“Know your customer”. That was the take-home message from Lean Startup Machine Brisbane last month.
The three-day event at River City Labs gave entrepreneurs a guide to fast-tracking their startup, or as organiser Peta Ellis put it: teach skills in “one weekend what it would normally take six months”.
“The takeaway is about making sure you know who the customer is and whether they have the problem you think they do,” Ellis said. “Just because you think they might or you might be a potential customer yourself, doesn’t mean other people will.
“It’s all about finding a problem opposed to finding a solution,” she said.
LSM is structured around The Validation Board, which provides a framework for finding the core assumptions of customers and testing the validity of startup ideas. After listening to case studies and practices for customer interviews, participants interviewed members of the public to gauge the legitimacy of assumed problems.
Entrepreneur Dave Masefield worked with the Toowoomba Startup Group on Terese Piper’s idea of a shared caring system for families. He is currently developing a startup community in the Darling Downs and came to investigate the possibility of bringing the event to Toowoomba.
“We had trouble connecting with our customer,” Masefield said. “While we managed to ask our questions to 45 people, we don’t believe we connected with the customers we were looking for so are looking to pivot to a different approach.
“It’s a very valuable tool, learning to validate your idea and your assumptions before going further down along the track,” he said. “If we launched straight up with what we were thinking straight away, we may be on a completely wrong track.”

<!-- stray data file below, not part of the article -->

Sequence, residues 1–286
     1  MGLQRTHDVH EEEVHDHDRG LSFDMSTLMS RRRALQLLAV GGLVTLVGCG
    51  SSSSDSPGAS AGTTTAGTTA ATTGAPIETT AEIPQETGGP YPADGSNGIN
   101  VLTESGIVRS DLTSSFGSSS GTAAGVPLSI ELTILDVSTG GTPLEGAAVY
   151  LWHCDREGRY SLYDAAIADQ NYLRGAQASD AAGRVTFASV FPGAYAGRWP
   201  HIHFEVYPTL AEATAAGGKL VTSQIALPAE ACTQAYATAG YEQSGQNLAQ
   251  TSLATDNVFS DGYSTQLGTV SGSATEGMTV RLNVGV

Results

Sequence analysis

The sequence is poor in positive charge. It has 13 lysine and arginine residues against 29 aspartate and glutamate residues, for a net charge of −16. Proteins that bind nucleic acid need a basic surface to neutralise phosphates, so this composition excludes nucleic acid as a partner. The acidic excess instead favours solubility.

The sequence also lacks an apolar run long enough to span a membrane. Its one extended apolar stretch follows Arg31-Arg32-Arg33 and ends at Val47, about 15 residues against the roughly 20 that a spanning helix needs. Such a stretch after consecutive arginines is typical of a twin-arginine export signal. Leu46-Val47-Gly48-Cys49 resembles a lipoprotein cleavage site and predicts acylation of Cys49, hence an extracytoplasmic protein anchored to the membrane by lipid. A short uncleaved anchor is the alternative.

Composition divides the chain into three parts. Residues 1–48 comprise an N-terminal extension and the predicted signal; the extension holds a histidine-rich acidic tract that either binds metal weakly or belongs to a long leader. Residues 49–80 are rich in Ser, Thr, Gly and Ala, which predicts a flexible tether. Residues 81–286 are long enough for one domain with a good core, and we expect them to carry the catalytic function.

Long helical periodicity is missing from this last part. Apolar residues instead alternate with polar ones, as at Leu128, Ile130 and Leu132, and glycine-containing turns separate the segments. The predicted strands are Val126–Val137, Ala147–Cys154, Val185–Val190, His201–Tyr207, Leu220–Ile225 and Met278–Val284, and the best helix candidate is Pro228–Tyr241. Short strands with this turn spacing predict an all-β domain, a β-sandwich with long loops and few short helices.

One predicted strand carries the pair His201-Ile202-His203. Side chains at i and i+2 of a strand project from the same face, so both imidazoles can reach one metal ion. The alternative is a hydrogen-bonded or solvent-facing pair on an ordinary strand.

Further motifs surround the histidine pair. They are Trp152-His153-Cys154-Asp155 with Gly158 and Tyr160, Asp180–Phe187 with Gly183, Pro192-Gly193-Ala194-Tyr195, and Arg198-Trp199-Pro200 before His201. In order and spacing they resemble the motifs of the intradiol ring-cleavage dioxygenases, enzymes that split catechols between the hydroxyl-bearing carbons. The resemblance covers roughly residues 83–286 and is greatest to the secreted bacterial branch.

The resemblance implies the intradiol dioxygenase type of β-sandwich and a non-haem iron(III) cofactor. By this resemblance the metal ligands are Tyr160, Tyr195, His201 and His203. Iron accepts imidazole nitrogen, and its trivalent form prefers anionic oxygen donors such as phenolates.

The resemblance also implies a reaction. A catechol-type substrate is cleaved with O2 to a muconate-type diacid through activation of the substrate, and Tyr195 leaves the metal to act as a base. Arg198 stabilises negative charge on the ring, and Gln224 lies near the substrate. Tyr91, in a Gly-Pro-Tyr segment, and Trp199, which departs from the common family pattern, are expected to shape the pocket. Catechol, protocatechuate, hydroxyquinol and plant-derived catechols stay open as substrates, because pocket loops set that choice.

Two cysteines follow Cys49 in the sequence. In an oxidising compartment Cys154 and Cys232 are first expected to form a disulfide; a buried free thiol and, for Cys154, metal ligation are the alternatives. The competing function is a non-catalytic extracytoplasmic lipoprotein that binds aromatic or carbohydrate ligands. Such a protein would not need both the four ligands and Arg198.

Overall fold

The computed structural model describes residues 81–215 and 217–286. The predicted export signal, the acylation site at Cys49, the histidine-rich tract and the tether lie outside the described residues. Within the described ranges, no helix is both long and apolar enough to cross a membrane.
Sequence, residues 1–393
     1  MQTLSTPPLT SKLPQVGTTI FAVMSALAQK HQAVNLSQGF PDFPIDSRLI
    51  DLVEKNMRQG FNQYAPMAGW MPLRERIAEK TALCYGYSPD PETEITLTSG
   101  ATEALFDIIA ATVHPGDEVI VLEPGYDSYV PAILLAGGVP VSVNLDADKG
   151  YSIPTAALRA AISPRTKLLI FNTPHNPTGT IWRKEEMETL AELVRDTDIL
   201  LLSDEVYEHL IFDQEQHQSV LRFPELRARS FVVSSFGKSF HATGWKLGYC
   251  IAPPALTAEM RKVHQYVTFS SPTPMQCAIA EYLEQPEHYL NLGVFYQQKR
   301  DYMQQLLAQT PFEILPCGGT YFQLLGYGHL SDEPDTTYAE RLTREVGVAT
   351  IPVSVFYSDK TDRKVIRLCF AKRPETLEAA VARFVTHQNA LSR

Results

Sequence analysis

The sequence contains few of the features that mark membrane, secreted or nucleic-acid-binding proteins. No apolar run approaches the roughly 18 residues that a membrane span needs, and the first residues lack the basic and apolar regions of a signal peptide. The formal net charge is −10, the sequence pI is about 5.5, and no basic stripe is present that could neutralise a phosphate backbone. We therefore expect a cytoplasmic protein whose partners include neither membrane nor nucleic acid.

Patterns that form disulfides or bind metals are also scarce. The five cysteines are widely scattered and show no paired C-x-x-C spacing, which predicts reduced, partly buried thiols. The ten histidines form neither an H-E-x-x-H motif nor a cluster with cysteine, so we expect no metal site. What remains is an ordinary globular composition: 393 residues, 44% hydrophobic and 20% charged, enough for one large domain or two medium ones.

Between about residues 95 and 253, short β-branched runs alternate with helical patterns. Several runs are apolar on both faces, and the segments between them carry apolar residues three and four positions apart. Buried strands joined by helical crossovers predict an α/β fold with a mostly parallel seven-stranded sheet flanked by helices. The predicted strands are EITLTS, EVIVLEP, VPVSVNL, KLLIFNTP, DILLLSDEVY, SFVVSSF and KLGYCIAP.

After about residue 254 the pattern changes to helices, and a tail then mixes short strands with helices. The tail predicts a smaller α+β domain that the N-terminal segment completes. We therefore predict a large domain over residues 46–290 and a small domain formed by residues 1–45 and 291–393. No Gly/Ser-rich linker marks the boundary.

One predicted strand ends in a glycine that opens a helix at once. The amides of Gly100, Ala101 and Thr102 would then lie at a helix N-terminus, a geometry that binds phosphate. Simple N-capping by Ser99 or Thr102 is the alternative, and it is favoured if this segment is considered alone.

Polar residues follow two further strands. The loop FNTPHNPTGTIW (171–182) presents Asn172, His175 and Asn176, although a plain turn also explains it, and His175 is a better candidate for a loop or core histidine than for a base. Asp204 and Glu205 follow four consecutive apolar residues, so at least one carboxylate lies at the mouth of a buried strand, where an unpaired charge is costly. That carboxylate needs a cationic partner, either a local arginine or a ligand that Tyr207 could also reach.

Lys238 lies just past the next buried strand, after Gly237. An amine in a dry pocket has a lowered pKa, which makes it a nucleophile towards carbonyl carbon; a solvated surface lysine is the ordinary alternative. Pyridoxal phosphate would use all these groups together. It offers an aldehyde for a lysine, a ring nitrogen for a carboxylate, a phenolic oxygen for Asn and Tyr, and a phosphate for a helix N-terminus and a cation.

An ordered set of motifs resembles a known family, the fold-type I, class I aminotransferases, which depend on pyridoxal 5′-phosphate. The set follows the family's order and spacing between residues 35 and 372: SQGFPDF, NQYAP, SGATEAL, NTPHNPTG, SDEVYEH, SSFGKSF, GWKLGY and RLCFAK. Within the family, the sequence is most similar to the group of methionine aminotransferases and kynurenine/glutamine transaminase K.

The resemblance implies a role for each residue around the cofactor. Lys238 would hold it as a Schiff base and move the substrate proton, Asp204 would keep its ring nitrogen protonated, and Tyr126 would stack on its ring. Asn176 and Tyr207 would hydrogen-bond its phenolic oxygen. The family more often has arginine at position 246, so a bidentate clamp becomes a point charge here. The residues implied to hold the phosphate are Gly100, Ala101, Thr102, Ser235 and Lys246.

Other business ideas included family care options, repurposing surveyor data, and superannuation services for young people. Ellis said some consultation quickly showed the last idea wouldn’t fly because while young people don’t pay much attention to their super, they also don’t care enough to do anything about it.
The idea soon pivoted to focus on debt consolidation, and it wasn’t the only one to change direction.
“It often means that if they realise that no one had the problem they thought they had, then they need to go back and look at the problem to see who that potential customer would be,” Ellis said.
“You need to be willing to change, [but] some people who come in with one idea and aren’t willing to move too much away from that, which is a shame because it stifles growth.
“One thing I personally always find hard is that no’s are good,” she said. “Getting a no from a customer is just as valuable as getting a yes, often more so.”
Another participant, Marty Sparhawk, worked on the idea of a collaborative community sharing application, which consisted of borrowing and lending from members of a local community with an aim to “widen the net and find a lot more opportunities to borrow/lend stuff”.
“This process is a lot more efficient than how we usually do things with focus groups,” Sparhawk said. “Walking down the street and just talking to people, we got some good insights.
“It was initially quite difficult, but once people got used to it, you get a lot more comfortable. It wasn’t structured questioning, with clip boards etc; you’re having a conversation.”
Finally, an added topic for the event included a discussion on the onerous but often necessary “concierge stage” of a startup, wherein entrepreneurs manually operate processes that will eventually be automated.
“It’s the process of your business operating before it’s ready to operate as such,” Ellis said. “Smoke and mirrors, fake it till you make it; you appear like you’ve got everything working but behind the scenes, you’re doing everything manually.
“But you’re doing it to keep process and customers flowing until you’ve built the whole thing”.